JUN 28, 2021 3:37 PM PDT

New Findings in Mouse Brains Could Improve Neurological Research

WRITTEN BY: Annie Lennon

Researchers led by the University of California have found important neurological differences between human and mouse brains that could have implications for future neurological research. 

While mouse models are used in research for treatments for neurological disorders, over 90% of drug candidates that pass mouse models fail in humans. One reason this happens is due to our lack of knowledge on the differences between astrocytes and other brain cells in both species. 

Astrocytes are critical for brain development and function. The most numerous cell type in the central nervous system, they perform many tasks including supporting other neurons and controlling the blood-brain barrier and blood flow. While injury or infection can cause astrocytes to aid in the repair of the brain, they can also increase rates of inflammation, leading to neurological damage. 

For the study, the researchers examined developing cells from mouse and human brain tissue, alongside cells grown in serum-free cultures from astrocytes selected using an antibody-based method. 

The researchers chose to grow cells in a serum-free culture as often, serums, containing a mixture of proteins, hormones, fats and minerals, can put astrocytes in a reactive state similar to that caused by infection or injury. Being able to grow the cells without serum thus allowed the researchers to study them in a healthy state and better control for oxidative stress, oxygen levels and inflammation. 

From experiments with the cells, the researchers found that mouse astrocytes are more resilient to oxidative stress than human versions. Unlike in human astrocytes, a lack of oxygen triggers molecular repair mechanisms in those of mice.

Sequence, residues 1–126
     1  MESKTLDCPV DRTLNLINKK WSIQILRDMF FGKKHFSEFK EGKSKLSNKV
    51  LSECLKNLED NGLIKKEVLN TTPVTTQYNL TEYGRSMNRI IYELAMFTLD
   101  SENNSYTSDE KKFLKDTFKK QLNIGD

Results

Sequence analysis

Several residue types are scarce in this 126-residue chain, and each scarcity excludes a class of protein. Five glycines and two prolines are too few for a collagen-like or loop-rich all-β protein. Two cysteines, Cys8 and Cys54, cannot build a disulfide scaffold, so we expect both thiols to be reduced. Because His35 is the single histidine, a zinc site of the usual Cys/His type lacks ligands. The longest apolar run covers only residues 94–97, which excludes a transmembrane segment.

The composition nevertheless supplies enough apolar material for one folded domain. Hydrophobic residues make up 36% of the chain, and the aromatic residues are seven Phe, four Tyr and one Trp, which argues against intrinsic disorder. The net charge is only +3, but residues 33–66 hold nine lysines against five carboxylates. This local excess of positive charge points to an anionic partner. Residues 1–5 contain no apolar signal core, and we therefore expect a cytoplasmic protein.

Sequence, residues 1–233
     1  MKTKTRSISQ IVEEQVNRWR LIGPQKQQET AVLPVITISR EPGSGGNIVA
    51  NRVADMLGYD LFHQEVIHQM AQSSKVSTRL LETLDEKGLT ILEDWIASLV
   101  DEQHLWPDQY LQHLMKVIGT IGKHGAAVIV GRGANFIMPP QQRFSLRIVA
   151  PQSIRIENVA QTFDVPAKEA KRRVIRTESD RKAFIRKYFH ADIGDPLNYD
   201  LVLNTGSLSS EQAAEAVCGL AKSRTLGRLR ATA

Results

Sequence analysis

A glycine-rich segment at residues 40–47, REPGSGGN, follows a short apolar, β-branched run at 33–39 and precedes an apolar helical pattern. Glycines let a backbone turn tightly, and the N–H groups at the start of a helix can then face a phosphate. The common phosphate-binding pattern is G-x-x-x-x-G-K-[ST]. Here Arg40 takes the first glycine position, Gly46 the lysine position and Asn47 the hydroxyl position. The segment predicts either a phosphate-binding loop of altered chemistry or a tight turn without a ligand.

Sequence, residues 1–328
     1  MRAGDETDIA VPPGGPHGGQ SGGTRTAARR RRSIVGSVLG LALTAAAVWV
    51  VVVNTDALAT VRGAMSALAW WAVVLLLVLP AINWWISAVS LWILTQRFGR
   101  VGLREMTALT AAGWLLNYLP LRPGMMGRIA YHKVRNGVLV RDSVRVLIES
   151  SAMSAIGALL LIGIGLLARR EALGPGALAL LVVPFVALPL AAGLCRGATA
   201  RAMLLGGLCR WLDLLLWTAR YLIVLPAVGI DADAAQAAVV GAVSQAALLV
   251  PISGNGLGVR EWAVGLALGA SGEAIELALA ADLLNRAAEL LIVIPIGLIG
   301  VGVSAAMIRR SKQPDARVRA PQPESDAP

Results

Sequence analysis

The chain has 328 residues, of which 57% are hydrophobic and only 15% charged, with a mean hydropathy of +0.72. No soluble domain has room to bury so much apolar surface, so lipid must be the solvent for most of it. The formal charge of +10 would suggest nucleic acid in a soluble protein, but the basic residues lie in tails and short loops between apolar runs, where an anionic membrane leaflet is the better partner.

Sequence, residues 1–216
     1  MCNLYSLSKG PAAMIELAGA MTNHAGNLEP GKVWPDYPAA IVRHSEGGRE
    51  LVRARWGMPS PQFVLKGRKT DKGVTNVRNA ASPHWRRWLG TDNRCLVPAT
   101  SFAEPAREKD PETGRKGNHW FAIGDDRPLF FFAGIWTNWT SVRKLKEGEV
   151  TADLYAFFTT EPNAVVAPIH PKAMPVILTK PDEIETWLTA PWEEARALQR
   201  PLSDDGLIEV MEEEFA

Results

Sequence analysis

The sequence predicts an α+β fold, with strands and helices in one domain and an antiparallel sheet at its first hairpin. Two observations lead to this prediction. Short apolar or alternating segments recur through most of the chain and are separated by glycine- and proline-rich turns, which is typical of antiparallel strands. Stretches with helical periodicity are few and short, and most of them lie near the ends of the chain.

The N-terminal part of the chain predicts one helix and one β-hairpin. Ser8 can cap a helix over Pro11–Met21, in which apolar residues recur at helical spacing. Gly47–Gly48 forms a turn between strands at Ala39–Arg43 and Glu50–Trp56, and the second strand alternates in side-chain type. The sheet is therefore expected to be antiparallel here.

The researchers say that their findings mean that lab models using mice for neurodegeneration could be engineered to reduce astrocytes’ natural resistance to oxidative stress, thus making them more reflective of human tissues. They also said that the mouse astrocytes' ability to repair following restricted oxygen may inform new avenues for stroke research. 

 

Sources: LabRoots, NCBIEurekAlertNature Communications

About the Author
  • Annie Lennon is a writer whose work also appears in Medical News Today, Psych Central, Psychology Today, and other outlets. When she's not writing, she is COO of Xeurix, an HR startup that assesses jobfit from gamified workplace simulations.
You May Also Like
SEP 27, 2021
Cell & Molecular Biology
Optical Imaging in Tissue with Near-Infrared Dyes
SEP 27, 2021
Optical Imaging in Tissue with Near-Infrared Dyes
Optical Imaging in Tissue with Near-Infrared Dyes Written By Christopher Pratt, PhD   Go Long to See Deeper Imaging ...
OCT 11, 2021
Cancer
Different Cancer Types Metastasize to Specific Regions of the Brain
OCT 11, 2021
Different Cancer Types Metastasize to Specific Regions of the Brain
Metastatic cancer occurs when cancer spreads from its original site of origin to a distant location in the body. Wh ...
OCT 19, 2021
Health & Medicine
Can a Blood Test Guide Prognosis for Traumatic Brain Injury?
OCT 19, 2021
Can a Blood Test Guide Prognosis for Traumatic Brain Injury?
Jim had been skateboarding since he was seven years old and spent hours a day practicing. He had been in local competiti ...
NOV 17, 2021
Neuroscience
Drinking Tea and Coffee Linked to Reduced Dementia and Stroke Risk
NOV 17, 2021
Drinking Tea and Coffee Linked to Reduced Dementia and Stroke Risk
Drinking 4-6 cups of coffee or tea is linked to a lower risk of stroke and dementia. The corresponding study was publish ...
NOV 22, 2021
Cell & Molecular Biology
Understanding an Unusual Receptor That's Linked to Depression
NOV 22, 2021
Understanding an Unusual Receptor That's Linked to Depression
Clinical depression is estimated to impact over 264 million people worldwide in any given year, but it's difficult to tr ...
NOV 25, 2021
Health & Medicine
If it looks like a cat and meows like a cat, it must be...a robot!
NOV 25, 2021
If it looks like a cat and meows like a cat, it must be...a robot!
Researchers show improved mood, behavior, and cognition in dementia patients who interact with robotic cats
Loading Comments...